Go Local and Win with New Media

As election day nears and electoral campaigns move into full gear, I’d like to take a look at a campaign I read about a few months ago on Its Getting Hot In Here which successfully used new media to force 20 candidates for city council to take its agenda seriously.

The Campaign:

Photo courtesy of Matt Dernoga

UMD for Clean Energy is a student group at the University of Maryland. Last fall they developed a campaign called ‘Green for College Park’ that targeted candidates in their local city council race (College Park, MD).

The goal of the campaign was to meet with every candidate for city council, evaluate them based on their environmental platforms, and then endorse and organize for their top picks for the nine open seats. The campaign made clear that any candidate hoping to receive their endorsement would have to, at minimum, support an energy efficiency loan fund.

UMD for Clean Energy began by creating a solid website. It has background, biographies, the campaign platform, photos and a blog. During the campaign, two students leaders were charged with maintaining and updating the website. Through this online hub they provided the public with a way to learn about and get involved in UMD for Clean Energy and Green for College Park.

Once their website was ready, the campaign promoted it through all their social media channels (and offline materials) and then ramped up their exposure by turning to popular local and statewide blogs covering Maryland politics. They were able to post to Maryland Politics BlogRethink College Park, and more.

Next the campaign reached out to national climate and environmental politics blogs. They were able to post to Climate Progress and It’s Getting Hot In Here. All this attention got them covered by the Washington Post’s blog.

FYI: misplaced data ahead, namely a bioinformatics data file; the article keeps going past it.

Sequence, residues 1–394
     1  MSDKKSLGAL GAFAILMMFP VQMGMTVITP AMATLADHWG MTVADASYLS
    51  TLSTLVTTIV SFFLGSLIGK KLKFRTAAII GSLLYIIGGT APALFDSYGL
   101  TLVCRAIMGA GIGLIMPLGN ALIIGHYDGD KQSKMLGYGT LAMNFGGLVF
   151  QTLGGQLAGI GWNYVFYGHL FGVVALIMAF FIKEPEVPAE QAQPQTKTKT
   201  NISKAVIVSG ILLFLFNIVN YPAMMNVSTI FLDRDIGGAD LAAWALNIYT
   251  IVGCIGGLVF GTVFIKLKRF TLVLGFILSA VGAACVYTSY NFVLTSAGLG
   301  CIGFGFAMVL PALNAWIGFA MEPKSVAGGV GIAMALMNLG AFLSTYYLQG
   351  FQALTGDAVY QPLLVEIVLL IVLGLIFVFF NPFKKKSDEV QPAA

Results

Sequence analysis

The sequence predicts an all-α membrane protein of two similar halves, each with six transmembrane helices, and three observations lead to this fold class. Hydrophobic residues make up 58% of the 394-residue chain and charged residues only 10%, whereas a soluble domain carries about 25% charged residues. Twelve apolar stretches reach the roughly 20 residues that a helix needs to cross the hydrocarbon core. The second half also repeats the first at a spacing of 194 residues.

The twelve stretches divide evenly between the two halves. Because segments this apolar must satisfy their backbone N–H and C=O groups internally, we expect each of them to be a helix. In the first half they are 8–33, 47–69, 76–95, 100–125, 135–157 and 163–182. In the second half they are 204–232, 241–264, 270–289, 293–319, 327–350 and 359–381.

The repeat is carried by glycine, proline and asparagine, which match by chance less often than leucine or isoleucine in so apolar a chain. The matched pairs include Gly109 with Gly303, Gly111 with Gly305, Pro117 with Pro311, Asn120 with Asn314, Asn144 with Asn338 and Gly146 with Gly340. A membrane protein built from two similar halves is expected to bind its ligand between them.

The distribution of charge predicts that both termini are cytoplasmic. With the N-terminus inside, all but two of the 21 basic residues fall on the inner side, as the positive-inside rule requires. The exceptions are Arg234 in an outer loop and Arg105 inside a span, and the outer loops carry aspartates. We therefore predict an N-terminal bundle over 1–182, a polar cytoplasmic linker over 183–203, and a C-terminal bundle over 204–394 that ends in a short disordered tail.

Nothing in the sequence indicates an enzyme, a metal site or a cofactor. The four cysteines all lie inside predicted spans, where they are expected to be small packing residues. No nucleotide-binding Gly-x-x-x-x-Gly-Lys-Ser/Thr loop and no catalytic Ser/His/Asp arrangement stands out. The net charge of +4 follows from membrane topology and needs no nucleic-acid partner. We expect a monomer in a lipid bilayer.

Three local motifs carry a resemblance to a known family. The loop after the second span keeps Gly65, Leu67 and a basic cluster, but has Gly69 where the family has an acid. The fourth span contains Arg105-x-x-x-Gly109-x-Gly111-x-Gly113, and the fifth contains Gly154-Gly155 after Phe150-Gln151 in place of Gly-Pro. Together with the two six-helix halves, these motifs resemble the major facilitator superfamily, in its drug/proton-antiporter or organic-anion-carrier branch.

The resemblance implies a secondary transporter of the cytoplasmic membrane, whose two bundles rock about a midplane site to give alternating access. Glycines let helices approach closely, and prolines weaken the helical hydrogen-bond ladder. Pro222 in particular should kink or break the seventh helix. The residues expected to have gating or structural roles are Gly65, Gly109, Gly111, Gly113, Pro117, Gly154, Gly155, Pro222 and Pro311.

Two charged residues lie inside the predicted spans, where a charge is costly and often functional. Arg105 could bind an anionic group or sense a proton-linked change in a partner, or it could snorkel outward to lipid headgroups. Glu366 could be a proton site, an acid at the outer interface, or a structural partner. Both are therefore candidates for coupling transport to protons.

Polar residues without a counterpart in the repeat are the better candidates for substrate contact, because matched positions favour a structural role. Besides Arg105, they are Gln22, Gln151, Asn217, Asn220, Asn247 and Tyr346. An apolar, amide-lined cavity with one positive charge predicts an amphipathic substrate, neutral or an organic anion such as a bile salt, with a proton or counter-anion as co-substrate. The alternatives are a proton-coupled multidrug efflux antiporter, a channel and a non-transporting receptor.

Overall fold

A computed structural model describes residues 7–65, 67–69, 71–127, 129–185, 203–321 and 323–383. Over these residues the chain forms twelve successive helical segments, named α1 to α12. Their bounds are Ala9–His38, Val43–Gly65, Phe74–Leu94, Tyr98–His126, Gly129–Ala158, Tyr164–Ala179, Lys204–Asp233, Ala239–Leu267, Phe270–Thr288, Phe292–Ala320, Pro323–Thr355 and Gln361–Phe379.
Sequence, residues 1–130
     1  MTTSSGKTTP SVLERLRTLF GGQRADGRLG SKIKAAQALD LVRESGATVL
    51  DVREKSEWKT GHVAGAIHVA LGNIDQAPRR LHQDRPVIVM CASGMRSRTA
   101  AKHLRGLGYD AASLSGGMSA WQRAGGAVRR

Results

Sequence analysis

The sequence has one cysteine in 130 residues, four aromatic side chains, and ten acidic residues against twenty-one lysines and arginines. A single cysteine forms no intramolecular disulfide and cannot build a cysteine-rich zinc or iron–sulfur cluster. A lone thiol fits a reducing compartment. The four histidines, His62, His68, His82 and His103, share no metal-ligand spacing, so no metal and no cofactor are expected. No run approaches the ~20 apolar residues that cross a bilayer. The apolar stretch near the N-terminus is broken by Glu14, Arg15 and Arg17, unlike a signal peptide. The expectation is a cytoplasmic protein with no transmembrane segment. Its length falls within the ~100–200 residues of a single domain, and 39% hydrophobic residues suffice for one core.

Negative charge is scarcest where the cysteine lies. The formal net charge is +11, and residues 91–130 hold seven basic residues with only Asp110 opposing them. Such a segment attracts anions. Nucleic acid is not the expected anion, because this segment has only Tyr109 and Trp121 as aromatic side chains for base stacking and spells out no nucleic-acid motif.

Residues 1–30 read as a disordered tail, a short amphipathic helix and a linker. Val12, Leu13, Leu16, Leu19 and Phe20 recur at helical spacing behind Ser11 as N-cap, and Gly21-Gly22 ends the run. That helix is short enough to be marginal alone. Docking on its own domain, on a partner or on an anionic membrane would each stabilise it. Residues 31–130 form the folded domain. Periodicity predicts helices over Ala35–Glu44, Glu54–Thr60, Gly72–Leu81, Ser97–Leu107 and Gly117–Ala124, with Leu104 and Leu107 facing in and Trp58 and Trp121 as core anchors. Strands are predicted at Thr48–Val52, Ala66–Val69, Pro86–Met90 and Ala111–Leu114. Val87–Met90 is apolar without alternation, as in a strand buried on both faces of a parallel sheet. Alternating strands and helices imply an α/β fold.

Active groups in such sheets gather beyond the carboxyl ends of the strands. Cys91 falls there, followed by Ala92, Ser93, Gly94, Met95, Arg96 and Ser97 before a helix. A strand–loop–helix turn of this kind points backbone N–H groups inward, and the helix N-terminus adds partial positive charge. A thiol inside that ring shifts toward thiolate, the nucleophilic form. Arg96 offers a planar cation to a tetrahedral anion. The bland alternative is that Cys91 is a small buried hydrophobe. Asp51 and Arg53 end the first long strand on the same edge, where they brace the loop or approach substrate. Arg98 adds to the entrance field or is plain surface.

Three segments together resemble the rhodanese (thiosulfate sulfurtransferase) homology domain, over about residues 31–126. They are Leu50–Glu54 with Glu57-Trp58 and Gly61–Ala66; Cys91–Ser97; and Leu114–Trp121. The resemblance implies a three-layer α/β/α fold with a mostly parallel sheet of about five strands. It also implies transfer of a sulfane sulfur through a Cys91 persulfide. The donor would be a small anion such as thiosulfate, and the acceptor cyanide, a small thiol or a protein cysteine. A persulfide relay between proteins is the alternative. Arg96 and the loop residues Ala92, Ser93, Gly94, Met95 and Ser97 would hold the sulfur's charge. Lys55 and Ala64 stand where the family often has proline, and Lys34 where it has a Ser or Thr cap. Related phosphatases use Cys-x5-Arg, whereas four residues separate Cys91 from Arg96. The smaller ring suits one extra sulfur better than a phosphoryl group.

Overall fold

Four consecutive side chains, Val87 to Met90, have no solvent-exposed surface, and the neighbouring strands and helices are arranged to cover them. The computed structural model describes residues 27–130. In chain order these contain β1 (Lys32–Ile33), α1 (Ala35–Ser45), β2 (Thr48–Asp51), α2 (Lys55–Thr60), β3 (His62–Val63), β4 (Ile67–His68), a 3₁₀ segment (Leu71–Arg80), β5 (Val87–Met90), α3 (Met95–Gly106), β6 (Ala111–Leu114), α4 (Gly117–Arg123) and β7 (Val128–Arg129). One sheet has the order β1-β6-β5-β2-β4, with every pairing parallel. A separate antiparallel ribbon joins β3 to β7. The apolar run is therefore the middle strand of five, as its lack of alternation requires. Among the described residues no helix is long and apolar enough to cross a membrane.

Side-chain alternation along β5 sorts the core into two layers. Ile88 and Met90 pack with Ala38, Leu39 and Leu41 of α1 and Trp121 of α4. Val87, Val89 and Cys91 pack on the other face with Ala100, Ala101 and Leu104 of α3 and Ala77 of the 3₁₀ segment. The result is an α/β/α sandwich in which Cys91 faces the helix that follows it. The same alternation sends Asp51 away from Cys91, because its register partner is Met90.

The Results:
These new media tactics both significantly increased their recognition in the community and made the group a major stakeholder in the election. In the final analysis, five out of the nine open seats were filled by candidates endorsed by UMD for Clean Energy.

Campaign Manager Matt Dernoga recounts in a post on It’s Getting Hot In Here that many of those candidates acknowledged UMD for Clean Energy during their election night speeches. Dernoga added that a solid indicator of the success of the campaign is the fact that when they started out many candidates would not meet with them. By the end, they had met every candidate in the race.

Key Takeaways:
New Media is often used to expand the reach of a campaign. Organizers employ social media tools to recruit supporters and activists and give those supporters the tools to reach out to their personal friends and networks.  This is especially useful at the local level because:
  • Organizers,  due to the smaller size of the community, are able to use new media to quickly reach a large portion of their target audience and force candidates to take their issues seriously. Smart targeting of local blogs was key to this effort.
  • By reaching out to major environmental blogs, the campaign was able to bring outsize national attention to a local race.
  • Many local races do not receive the same attention as larger state and national elections, and because of this, with smart messaging on the campaign’s part, new media allows organizers to have a more substantial impact than on larger campaigns that are frequently covered by the mainstream media.
Campaign Manager Matt Dernoga is convinced this campaign would not have been successful without new media. He writes:

“I have a hard time imagining what our efforts would have looked like, and how they would’ve come across if we had not aggressively pursued the media, and relentlessly pushed our message.”

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